Very interesting topic of discussion @ the ergo blog. Read Col’s post before reading my response below.
I remember hearing Marcus Blackmore (chairman and founder of Blackmores) speak at a CSR conference I attended last year about his attitude towards ‘soft’ assets and their associated upkeep. His point of view was that each staff member of Blackmores was to be ‘valued’ at 50k…on top of their salary. His figuring here was:
– that to fully and properly replace a member of staff might cost about 1-2k in recruitment costs (more if you use a talent agency, which can charge upto 20% commission on the first year of salary of new hires)
– That when the new person hit deck, they would take time to get fully up to speed with the operation and flow of the business. This time, he conservatively reckoned, could be anywhere up-to 4 months.
– That when an ‘old hand’ leaves, often they have been filling many different roles and functions, which need to be covered at a cost to the organisation. At World Vision recently we have had one of our team, Bev, leave to further grow her own spiritual well-being business (which is booming, by the way). To replace Bev, we have had to distribute her role to no less than 4 different functions around the business.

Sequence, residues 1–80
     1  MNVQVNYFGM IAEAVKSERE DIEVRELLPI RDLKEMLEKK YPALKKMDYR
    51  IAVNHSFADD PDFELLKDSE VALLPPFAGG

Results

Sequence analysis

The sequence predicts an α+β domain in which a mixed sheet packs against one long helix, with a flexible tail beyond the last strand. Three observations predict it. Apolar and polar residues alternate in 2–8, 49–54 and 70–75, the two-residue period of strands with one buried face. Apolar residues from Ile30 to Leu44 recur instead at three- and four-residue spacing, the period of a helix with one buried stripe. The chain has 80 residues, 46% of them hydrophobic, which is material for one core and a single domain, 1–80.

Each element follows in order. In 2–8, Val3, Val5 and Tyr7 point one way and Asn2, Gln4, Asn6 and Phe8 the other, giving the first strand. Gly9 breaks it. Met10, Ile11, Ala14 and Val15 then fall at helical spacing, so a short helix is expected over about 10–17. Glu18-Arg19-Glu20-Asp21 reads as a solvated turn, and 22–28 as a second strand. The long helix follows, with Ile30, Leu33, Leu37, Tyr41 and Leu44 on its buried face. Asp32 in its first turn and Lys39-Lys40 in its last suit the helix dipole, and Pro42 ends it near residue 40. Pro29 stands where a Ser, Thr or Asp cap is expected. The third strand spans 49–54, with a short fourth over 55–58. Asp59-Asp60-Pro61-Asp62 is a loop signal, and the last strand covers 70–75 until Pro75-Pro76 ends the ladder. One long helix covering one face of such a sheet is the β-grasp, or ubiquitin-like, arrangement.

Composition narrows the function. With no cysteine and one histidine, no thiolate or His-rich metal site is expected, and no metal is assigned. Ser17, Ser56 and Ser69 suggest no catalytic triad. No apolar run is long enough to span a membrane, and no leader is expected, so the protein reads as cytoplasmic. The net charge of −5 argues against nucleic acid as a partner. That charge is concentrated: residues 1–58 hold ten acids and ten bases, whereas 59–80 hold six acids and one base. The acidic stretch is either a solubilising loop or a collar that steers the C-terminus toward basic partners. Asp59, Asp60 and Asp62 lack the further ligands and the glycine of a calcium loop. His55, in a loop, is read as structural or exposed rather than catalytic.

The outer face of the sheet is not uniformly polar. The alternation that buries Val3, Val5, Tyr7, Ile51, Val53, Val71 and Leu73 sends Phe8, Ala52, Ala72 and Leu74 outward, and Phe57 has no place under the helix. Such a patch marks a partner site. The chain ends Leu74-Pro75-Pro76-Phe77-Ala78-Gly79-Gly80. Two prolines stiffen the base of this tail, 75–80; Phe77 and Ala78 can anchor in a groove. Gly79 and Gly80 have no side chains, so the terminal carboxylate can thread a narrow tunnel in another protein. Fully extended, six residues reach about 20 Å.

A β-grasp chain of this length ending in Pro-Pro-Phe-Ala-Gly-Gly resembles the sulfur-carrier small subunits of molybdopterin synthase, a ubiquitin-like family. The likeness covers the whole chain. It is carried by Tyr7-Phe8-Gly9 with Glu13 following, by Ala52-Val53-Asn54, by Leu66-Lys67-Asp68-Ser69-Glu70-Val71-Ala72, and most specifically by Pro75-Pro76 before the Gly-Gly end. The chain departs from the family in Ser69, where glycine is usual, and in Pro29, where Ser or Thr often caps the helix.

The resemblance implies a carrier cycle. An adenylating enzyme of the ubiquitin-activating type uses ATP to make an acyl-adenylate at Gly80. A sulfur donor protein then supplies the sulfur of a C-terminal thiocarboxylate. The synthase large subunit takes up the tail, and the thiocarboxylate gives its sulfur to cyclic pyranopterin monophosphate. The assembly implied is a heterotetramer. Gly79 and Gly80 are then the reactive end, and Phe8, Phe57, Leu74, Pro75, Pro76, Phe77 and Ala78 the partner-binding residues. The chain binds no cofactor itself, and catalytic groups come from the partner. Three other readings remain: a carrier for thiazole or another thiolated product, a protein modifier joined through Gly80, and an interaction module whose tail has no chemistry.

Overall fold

All up, I actually think his 50K figure sounds quite conservative!!!
Then, in what I now take to be a great example of LAS, he used that assumption to justify the building of a new office and manufacturing space, with a total bill of 50k x the number of staff at Blackmores. (Blackmores, I think, has about 300-500 staff. I’m not sure exactly.)
His feelings were that if Blackmores could create an environment where his staff would want to be, and where they would feel happy and energised working, he could bring down the cost of losing his great people, and the cost associated with capturing the most talented in his industry. For memory, under his assumptions, the great outlay involved in building such an environment was completely rational under the old ideas of the traditional business paradigm – even profitable. And that’s not mention the associated productivity gains generated from such an environment and the savings from being more vertically integrated (office and manufacturing in one place.)
A great topic of discussion, that’s for sure. What are your thoughts?